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PG&E to seek buyer for 28.7-MW Crane Valley hydroelectric facilities

Pacific Gas and Electric Company (PG&E) announced that its plans to sell the 28.7-MW Crane Valley Hydroelectric Project in Madera County, California.

PG&E’s Crane Valley Project was constructed between 1895 and 1920 by the San Joaquin Power Company, which later became the San Joaquin Light and Power Corporation. It consists of five hydroelectric powerhouses, as well as Bass Lake and Chilkoot Lake dams that form storage reservoirs and seven smaller diversion dams along the north and south forks of Willow Creek.

The powerhouses are Crane Valley, San Joaquin No. 3, San Joaquin No. 2, San Joaquin No. 1A and A.G. Wishon powerhouses. Bass Lake and PG&E lands on portions of the lake, which are protected by a conservation easement, are included. A new owner would need to comply with the license conditions, which include provisions for public recreation.

PG&E will prepare materials for a “request for offers” type of auction process intended to meet the needs of seller and buyer. In addition to price, PG&E will consider factors such as the buyer’s experience in operating a hydroelectric facility and working with resource agencies. This auction process is scheduled to begin next spring and the sale will be subject to regulatory approval.

PG&E expects a transfer of ownership could take about three years to complete. In the meantime, PG&E will own and operate the Crane Valley Project in compliance with its Federal Energy Regulatory Commission operating license, including recreation facilities. Because PG&E will continue to operate the project, the company is not planning any near-term changes to the workforce supporting ongoing operations and maintenance of these facilities. It also gives PG&E time to identify opportunities for additional training and reassignments for employees affected upon a sale.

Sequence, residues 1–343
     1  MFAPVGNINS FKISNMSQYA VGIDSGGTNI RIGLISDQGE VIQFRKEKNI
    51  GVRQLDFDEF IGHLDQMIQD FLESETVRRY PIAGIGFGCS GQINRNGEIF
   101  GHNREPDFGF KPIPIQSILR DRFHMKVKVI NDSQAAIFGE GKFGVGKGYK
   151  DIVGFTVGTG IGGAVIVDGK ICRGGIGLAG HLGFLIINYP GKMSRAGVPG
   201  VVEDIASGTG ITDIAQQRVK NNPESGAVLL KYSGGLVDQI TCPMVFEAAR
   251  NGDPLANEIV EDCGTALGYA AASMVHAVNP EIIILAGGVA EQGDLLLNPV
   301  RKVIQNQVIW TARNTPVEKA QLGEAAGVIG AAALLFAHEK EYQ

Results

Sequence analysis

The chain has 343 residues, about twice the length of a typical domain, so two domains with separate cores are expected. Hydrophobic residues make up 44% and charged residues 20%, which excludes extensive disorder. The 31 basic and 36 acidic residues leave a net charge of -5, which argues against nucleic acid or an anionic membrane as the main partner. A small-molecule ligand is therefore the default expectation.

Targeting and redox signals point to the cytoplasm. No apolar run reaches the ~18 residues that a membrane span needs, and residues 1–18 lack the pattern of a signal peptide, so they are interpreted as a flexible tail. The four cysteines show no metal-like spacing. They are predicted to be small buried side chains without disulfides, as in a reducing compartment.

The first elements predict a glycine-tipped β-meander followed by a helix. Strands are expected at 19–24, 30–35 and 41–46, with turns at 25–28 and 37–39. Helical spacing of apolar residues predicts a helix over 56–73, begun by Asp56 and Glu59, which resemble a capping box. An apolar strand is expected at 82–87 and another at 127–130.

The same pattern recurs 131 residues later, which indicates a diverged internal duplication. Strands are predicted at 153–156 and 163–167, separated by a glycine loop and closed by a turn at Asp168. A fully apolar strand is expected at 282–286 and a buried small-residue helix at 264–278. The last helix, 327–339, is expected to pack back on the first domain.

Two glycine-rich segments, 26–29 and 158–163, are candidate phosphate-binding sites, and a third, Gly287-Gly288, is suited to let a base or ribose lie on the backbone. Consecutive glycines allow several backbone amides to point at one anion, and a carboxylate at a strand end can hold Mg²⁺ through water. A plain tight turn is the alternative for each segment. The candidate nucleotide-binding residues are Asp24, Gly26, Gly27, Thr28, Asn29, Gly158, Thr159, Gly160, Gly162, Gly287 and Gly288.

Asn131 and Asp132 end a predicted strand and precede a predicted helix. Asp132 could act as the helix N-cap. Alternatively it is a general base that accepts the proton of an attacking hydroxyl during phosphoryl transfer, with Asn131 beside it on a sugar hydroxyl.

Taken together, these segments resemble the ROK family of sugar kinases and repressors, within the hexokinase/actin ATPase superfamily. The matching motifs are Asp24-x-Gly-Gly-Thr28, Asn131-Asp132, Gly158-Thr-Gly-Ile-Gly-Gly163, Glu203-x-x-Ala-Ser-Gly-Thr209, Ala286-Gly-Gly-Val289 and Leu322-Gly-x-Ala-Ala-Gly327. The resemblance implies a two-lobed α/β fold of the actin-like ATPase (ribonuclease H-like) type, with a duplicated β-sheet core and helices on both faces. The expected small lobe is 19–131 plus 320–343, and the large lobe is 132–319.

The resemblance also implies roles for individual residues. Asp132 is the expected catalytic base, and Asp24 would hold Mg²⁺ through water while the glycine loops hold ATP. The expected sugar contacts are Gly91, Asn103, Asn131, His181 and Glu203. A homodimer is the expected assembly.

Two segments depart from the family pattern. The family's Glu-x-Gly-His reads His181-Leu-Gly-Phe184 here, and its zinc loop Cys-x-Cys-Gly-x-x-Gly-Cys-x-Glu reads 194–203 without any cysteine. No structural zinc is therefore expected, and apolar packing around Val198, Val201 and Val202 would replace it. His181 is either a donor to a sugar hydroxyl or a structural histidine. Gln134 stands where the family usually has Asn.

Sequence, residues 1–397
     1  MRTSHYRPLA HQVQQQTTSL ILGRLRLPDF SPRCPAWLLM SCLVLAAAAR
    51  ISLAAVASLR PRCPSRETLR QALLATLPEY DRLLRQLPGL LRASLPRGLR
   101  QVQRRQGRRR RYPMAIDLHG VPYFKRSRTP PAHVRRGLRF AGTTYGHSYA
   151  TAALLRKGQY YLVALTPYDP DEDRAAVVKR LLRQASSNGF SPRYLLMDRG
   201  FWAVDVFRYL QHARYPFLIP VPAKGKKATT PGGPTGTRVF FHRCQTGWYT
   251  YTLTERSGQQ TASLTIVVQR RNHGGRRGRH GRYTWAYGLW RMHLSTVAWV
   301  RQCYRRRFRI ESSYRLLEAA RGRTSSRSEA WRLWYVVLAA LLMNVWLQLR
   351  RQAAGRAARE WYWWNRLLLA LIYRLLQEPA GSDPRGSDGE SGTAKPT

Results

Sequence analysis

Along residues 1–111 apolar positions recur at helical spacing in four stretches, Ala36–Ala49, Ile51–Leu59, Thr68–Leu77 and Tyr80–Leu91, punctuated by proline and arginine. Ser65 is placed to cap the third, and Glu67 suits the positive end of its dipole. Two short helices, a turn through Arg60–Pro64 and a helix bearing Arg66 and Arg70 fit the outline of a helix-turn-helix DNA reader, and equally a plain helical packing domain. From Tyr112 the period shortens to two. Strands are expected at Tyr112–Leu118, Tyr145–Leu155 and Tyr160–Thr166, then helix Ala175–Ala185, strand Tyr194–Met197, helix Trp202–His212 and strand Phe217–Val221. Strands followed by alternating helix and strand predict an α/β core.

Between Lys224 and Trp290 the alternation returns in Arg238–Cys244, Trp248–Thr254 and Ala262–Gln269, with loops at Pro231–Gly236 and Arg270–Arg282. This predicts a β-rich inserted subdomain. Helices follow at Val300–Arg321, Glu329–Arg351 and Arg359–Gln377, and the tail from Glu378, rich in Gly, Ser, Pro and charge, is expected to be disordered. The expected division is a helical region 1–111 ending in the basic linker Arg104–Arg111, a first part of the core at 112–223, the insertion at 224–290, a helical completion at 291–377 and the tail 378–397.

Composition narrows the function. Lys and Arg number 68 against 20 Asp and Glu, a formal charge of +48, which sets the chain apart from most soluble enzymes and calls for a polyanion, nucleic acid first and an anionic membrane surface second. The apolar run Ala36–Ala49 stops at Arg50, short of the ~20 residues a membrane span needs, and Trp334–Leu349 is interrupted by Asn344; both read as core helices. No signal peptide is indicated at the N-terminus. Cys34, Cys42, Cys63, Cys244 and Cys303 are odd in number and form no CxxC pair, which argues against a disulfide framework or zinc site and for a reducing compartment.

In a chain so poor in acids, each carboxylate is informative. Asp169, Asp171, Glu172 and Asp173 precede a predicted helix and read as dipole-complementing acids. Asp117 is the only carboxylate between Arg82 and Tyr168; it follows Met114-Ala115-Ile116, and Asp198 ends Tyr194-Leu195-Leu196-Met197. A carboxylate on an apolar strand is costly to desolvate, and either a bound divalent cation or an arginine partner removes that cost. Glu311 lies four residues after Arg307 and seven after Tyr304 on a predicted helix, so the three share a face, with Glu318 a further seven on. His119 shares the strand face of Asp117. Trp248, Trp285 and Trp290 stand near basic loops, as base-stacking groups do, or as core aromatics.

PG&E says the Crane Valley Project no longer serves as an economical source of electricity generation for the utility’s customers. An increasingly competitive energy market, lower forecasted generation needs for PG&E’s bundled electric customers and the increasing cost of operating the facilities are all factors in the decision to sell. The proposed sale is not related to bankruptcy, from which PG&E emerged in July of 2020.

“The natural beauty and water resources of Bass Lake and the rest of the Crane Valley Project are so special to California. PG&E recognizes the importance of Bass Lake to the local economy and we intend to find a new owner for the project who appreciates its many special attributes and has the experience to operate it in compliance with regulatory requirements,” said Jan Nimick, vice president of power generation at PG&E.

PG&E expects to select the best overall proposal for the project and begin formal negotiations with a buyer in late 2021. Approval by FERC and the California Public Utilities Commission (CPUC) will be needed before ownership is transferred

Pacific Gas and Electric Company, a subsidiary of PG&E Corporation, is a combined natural gas and electric energy companies that delivers clean energy to nearly 16 million people in northern and central California.